Cider making has been a New England tradition every fall for close to 400 years. On October 16, the Museum of Old Newbury will host historian Frederic Detwiller for a nostalgic look at how cider mills, and related mill equipment and tannery operations, were major local industries prior to the rise of the temperance movement and prohibition eras. Detwiller’s presentation will begin at 7:00pm, with a reception preceding at 6:30pm. The program is free and open to the public, but space is limited and reservations strongly recommended; contact 978-462-2681 or firstname.lastname@example.org.
Essex County, and Newbury in particular, was once home to numerous apple orchards. Newbury’s first apple tree was planted around 1712 at the Adams family farm on Orchard Street in Byfield. Into the 20th century, apple harvests were shipped from Newbury to New York, Philadelphia, and even London.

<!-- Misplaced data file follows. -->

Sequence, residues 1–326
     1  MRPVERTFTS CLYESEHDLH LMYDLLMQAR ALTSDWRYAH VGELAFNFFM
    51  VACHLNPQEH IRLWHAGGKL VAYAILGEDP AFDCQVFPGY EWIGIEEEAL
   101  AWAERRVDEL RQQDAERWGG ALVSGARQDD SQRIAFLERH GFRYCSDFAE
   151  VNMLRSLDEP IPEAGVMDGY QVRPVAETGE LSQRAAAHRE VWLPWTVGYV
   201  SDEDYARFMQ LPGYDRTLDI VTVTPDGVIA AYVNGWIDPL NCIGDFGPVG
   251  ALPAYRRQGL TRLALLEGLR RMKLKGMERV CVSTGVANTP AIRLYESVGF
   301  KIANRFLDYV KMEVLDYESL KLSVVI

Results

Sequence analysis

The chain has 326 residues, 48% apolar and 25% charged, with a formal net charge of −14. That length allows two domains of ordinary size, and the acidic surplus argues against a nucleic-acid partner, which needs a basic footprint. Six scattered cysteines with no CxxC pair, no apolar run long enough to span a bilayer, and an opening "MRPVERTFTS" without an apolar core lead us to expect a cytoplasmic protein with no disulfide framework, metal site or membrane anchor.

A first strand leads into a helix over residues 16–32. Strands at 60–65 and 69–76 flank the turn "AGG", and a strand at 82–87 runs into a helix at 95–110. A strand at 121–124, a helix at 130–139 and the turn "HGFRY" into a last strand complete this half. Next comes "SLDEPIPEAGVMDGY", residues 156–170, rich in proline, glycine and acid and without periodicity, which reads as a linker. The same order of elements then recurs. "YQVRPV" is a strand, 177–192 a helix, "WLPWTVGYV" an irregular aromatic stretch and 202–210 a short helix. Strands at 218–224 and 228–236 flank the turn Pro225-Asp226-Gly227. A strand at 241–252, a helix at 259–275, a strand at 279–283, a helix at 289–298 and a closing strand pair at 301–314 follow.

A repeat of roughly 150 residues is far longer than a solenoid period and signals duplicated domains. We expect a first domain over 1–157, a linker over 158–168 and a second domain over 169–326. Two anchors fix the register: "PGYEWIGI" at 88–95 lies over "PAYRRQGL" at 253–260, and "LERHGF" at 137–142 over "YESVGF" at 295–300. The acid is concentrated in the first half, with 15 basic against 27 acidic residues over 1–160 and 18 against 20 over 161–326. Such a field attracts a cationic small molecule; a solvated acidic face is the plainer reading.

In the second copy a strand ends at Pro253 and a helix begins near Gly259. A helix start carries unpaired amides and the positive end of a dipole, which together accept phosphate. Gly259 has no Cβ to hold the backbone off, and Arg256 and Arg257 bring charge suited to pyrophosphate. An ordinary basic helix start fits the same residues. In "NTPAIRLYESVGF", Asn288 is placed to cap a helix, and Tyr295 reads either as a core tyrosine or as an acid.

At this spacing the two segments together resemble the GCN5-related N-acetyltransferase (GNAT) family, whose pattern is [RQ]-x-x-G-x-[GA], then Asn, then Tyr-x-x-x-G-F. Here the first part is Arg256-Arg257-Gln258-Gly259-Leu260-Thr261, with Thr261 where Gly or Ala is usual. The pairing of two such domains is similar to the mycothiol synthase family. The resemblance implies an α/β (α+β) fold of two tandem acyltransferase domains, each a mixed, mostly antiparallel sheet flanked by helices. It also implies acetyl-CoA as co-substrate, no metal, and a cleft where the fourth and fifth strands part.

Today, apple cider, whether sweet or hard, mulled or iced, is a quintessential fall flavor, and Essex County producers still flourish. Among them are Rowley’s Saintly Cider, who will be on hand at the program reception to pour glasses and talk about their craft.
Detwiller’s presentation includes historic and contemporary views of ancient orchards, mills and equipment both in New England and Europe, as well as the British Isles. Hand-drawn views predating the era of photography offer insight about people and places of early New England, especially of eastern Massachusetts and the North Shore. The recent rebirth of the orchards with dwarf trees and pick-your own produce has revived this popular New England pastime, and led to a rebirth of the fine arts of making and drinking both fresh and hard cider.
Frederic C. Detwiller is an architect with extensive experience in restoration, preservation, and historic research throughout New England. He holds degrees from Princeton University and Columbia University and has lectured and published widely on historic restoration. His professional affiliations include the Boston Society of Architects, the National Trust for Historic Preservation, the Society of Architectural Historians, and the Association for Preservation Technology.